Stream 2

Stream 2 - line an expensive operation Normally output...

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Stream I/O Output In issue #006 we talked about stream I/O, and an example like this was shown: cout << x << "\n"; A couple of people wrote. One said that: cout << x << endl; was preferable, while another said: cout << x << '\n'; would be a better choice on performance grounds, that is, output a single character instead of a C string containing a single character. Using one popular C++ compiler (Borland C++ 4.52), and outputting 100K lines using these three methods, the running times in seconds are: "\n" 1.9 '\n' 1.3 endl 13.2 Outputting a single character is a little simpler than outputting a string of characters, so it's a bit faster. Why is endl much slower? It turns out that it has different semantics. Besides adding a newline character like the other two forms do, it also flushes the output buffer. On a UNIX-like system, this means that ultimately a write() system call is done for each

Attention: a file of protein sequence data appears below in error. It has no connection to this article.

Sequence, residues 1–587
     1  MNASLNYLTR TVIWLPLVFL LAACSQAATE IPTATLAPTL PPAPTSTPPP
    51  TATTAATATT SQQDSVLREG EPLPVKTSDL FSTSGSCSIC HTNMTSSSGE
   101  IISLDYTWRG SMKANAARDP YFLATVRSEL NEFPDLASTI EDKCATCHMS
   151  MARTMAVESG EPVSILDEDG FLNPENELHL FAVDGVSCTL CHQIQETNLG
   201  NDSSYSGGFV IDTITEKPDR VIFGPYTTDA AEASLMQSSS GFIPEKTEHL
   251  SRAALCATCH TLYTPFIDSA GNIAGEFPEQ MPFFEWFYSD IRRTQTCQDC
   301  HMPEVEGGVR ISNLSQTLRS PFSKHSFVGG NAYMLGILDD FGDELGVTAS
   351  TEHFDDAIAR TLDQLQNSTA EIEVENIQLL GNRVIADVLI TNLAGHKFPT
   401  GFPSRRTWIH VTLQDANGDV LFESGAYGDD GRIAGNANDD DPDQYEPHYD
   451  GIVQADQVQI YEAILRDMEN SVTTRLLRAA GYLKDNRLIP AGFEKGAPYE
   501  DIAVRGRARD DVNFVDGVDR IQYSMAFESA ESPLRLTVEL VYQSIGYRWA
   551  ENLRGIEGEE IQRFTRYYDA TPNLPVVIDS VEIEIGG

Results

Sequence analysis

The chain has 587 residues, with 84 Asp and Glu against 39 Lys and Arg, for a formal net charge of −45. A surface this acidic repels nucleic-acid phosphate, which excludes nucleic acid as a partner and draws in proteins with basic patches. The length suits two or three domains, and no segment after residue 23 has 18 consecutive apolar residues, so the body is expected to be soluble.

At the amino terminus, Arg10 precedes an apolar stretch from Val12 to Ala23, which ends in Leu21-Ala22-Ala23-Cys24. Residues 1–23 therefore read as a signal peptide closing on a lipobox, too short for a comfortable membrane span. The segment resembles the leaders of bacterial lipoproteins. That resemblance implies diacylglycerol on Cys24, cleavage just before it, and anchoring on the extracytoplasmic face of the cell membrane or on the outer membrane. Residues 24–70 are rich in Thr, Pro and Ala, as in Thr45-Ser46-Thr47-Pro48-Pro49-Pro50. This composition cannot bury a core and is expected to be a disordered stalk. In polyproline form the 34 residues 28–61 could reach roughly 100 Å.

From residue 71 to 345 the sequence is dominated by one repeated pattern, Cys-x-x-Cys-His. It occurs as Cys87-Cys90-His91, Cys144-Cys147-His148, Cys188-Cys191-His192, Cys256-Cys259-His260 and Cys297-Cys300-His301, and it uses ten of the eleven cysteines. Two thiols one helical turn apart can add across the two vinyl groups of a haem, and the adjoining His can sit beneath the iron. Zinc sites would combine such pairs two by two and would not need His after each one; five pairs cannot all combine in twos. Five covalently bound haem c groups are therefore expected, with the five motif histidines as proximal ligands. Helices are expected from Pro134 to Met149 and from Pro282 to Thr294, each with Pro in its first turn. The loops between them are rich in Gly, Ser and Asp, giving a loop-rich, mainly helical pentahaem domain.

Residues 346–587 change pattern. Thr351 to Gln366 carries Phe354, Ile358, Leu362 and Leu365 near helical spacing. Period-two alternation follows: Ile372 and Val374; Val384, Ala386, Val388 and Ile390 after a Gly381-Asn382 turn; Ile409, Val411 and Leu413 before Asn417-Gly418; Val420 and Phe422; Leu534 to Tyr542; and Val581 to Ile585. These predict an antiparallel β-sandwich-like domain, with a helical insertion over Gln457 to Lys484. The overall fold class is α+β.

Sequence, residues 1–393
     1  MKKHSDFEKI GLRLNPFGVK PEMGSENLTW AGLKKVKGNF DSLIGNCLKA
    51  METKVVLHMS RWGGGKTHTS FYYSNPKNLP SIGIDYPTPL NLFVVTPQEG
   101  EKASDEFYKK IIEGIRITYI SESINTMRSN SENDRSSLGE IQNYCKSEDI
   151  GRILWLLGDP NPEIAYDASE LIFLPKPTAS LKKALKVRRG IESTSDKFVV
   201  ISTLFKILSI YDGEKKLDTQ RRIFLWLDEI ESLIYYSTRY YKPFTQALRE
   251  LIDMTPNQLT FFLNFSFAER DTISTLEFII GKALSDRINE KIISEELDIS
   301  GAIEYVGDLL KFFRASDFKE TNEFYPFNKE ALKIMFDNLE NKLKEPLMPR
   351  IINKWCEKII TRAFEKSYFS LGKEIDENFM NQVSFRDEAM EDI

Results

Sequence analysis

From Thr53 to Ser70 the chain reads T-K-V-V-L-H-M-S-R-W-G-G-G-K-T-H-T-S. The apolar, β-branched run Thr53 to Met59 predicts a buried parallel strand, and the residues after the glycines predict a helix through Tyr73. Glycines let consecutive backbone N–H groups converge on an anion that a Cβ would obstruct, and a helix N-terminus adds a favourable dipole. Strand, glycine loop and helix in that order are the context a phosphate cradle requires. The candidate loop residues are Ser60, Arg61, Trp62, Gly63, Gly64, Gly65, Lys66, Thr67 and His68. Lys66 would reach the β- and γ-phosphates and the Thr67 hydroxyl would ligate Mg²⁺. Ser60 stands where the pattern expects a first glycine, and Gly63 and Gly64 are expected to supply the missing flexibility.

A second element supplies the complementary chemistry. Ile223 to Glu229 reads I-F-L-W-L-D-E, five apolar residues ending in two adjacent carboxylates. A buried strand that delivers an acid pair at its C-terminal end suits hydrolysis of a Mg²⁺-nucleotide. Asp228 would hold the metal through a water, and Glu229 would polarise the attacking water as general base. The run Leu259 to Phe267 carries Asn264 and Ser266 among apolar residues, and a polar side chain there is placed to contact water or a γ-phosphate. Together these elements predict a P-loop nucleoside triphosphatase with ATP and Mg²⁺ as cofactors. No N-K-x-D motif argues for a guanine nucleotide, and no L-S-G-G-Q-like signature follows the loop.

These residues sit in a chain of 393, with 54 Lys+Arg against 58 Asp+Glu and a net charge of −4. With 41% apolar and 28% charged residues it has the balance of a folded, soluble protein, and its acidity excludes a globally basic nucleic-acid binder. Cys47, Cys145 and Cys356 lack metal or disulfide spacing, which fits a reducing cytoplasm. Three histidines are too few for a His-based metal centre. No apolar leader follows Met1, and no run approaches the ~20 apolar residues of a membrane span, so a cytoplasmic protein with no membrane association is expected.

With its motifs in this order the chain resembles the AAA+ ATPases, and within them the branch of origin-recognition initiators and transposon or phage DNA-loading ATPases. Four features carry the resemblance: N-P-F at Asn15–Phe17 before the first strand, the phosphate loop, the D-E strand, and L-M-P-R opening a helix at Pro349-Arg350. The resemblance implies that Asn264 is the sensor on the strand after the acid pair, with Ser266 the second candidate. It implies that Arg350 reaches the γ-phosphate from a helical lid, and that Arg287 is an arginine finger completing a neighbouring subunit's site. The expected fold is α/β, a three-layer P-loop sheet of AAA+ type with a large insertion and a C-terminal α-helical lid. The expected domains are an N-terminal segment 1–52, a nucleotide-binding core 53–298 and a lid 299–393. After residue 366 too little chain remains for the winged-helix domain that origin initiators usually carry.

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Unformatted text preview: line, an expensive operation. Normally, output directed to a file is buffered in chunks of size 512 or 1024 or similar. The Borland compiler has a #define called _BIG_INLINE_ in iostream.h that was enabled to do more inlining and achieve the times listed here. Does this sort of consideration matter very much? Most of the time, no. If you're doing interactive I/O, it is best to write in the style that is plainest to you and others. If, however, you're writing millions of characters to files, then you ought to pay attention to an issue like this. Note also that there's no guarantee that performance characteristics of stream I/O operations will be uniform across different compilers. It's probably true in most cases that outputting a single character is cheaper than outputting a C string containing a single character, but it doesn't have to be that way....
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